ASA reveals safety award winners

ASA reveals safety award winners

The volunteer leaders of the American Supply Association’s Safety Committee recently announced the 2016 ASA Member Safety Recognition Awards will be presented to three wholesaler-distributors and three manufacturers at Network2017 on Thursday, Oct. 12, 2017, at the Omni Nashville Hotel.
To be considered for the award, a company must apply by submitting its OSHA 300A form for the previous year. The winning companies have the lowest Total Case Incident Rate (TCIR).
“This year, we saw another increase in participation in the awards program, including a number of first-time awardees and even brand-new members to ASA diving right into the deep end of ASA’s programs and services. Once again our members are taking the lead in making safety in the workplace critical to our success,” said ASA Safety Committee Chairman Michael Place of Dakota Supply Group.
Since the awards’ inception, participation by ASA member companies has doubled and has increased each year.

NSC 2017: 43 Young Safety Professionals Recognized for Extraordinary Contributions to Workplace Safety

NSC 2017: 43 Young Safety Professionals Recognized for Extraordinary Contributions to Workplace Safety

. The National Safety Council recognized its 2017 Class of Rising Stars of Safety at the National Safety Congress in Indianapolis.
The National Safety Council announced its eighth class of NSC Rising Stars of Safety – a group of future leaders dedicated to making workplaces safer. The 43 honorees have promoted a cycle of continuous improvement within their organizations and created initiatives focused on measurable outcomes.
“Our Rising Stars are leading the way on safety by taking action every day,” said Deborah A.P. Hersman, president and CEO of NSC. “Protecting their co-workers means everyone can perform their job the right way: safely.

Dr. Crabb Talks Hand Safety with Local Businesses

Dr. Crabb Talks Hand Safety with Local Businesses

COLUMBUS – Local businesses had the chance to learn about hand safety and recovery in the work place, at the Health and Safety Council’s monthly meeting.
Columbus Community Hospital Occupational Health Services Director Danielle Frewing says the meetings are focused on how businesses and companies can remain safe in the work place, while keeping up with the latest regulations and safety tips.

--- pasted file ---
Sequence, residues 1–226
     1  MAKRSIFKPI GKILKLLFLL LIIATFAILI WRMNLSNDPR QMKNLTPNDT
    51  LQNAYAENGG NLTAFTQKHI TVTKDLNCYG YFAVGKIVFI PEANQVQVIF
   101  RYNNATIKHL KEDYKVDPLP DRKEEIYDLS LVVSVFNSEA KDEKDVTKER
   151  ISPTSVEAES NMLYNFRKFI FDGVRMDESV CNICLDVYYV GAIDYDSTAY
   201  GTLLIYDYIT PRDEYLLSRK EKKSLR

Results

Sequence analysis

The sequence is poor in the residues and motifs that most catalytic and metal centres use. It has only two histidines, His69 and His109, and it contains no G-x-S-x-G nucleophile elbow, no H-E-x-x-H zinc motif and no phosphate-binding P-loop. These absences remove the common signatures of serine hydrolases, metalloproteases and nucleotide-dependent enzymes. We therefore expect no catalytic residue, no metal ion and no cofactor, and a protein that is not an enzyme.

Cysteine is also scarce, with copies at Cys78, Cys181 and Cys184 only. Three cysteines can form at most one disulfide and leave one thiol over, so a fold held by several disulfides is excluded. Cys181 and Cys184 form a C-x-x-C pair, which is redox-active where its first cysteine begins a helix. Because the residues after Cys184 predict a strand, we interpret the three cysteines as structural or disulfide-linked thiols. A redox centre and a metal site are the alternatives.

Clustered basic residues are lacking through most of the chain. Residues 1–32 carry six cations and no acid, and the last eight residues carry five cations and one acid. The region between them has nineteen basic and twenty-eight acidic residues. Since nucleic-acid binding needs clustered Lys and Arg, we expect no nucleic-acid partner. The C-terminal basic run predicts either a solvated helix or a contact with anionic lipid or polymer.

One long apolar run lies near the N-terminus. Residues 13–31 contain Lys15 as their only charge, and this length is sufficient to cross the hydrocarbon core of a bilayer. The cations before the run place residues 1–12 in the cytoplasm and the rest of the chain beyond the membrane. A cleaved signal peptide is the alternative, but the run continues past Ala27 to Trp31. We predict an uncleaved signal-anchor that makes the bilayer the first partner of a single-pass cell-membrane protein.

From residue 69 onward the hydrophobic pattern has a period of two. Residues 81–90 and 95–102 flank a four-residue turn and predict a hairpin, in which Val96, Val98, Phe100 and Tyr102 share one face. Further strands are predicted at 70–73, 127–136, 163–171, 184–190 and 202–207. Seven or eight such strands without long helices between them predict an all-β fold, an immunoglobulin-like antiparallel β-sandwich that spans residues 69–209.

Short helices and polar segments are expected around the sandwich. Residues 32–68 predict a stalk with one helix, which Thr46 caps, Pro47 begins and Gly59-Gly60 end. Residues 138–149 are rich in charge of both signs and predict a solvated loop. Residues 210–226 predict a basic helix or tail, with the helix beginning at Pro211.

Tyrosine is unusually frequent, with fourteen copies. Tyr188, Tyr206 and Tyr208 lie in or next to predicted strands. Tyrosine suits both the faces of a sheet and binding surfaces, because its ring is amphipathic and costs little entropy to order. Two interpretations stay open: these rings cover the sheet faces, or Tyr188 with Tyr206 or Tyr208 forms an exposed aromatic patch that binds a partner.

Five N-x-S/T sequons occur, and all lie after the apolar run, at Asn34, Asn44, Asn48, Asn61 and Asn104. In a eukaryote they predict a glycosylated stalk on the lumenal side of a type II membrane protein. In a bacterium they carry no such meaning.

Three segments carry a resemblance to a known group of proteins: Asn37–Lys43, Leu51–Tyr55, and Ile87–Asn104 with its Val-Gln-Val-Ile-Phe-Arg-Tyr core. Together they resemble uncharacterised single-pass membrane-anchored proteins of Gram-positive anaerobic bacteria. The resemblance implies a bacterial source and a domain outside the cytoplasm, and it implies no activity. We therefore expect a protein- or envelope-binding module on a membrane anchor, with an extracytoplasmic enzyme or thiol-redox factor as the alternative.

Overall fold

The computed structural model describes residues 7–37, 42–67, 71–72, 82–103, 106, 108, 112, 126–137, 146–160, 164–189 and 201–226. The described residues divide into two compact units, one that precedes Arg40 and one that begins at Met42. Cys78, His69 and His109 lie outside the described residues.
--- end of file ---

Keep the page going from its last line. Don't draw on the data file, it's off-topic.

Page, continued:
“We’re excited to have Dr. Ian Crabb, from the Columbus Orthopedic and Sports Medicine Clinic, here to talk about hand injuries. You can be as careful as you can in the work place, sometimes hand injuries arise, and he is our expert in how to treat those different types of hand injuries, such as; trigger finger, de quervain syndrome, and carpal tunnel just to name a few,” says Frewing.
Dr. Crabb says it is important to know how to prevent and recover from these injuries, because the hands are such as vital part of day to day work for most people.
“A large portion of our brain is devoted to the parts that operate the hand, and we take it for granted, and when things go wrong with it, it can really be a major problem. So the goal is to learn about prevention, and how to be safer in the workplace,” says Crabb.

NSC 2017: In NASCAR and In Life, Safety Never Takes a Holiday

NSC 2017: In NASCAR and In Life, Safety Never Takes a Holiday

For the Petty family, “Racing to Zero” means developing innovations to keep NASCAR drivers safe on the race track.
“Safety never takes a holiday,” he said.
For him, racing cars was about feeding his family. Back then, safety was on the back burner.
Petty’s father, NASCAR driver Richard Petty, was one of the few drivers that participated in the testing of the safety feature at Daytona.
After the incident, Petty’s grandmother sewed a net to be placed over the car window so that the driver would not be ejected.
It wasn’t until a series of driver deaths in the early 2000s that additional safety features were developed such as a redesign of racecar interiors.

Yukon Workers’ Compensation Health and Safety Board to increase rates in 2018

Yukon Workers’ Compensation Health and Safety Board to increase rates in 2018

The Yukon Workers’ Compensation Health and Safety Board will increase its assessment rates for most businesses in 2018, the board said in a press release Oct. 12.
Employers in industries such as building demolition, bricklaying and masonry will see the largest increase at 10.3 per cent (which translates to $5.70 per every $100 of payroll, up from $5.17 in 2017). Employers in industries like road making and electrical contracting, come in second with a 9.8 per cent increase ($3.24 in 2018, up from $2.95 in 2017).
Employers from other groups can expect to see a rate increase ranging between 0.3 to 6.2 per cent.
The sole group to buck the trend is the resources and transportation category which includes placer mining, exploration, reclamation and drilling water wells, which will see a 2.7 per cent decrease in rates next year ($4.66 in 2018 compared to $4.79 in 2017).
The YWCHSB press release said that even with the increases, most employers will still be paying less than they did from 2009 to 2015, and that rates are still “artificially low” thanks to a surplus that allows rates to be subsidized.
“When employers pay rates that reflect the actual costs of caring for injured workers, it helps them recognize the value of preventing injuries and getting workers back on the job as quickly and safely as possible following an injury,” board chair Mark Pike said in the release.
Rate increases for some groups are also the result of an increase in claims, YWCHSB President and CEO Kurt Dieckmann said in the press release.
“Employers may not be able to control rate subsidies, but they have direct control over how safe their workplaces are, and that’s a much more effective way to keep rates low,” Dieckmann said.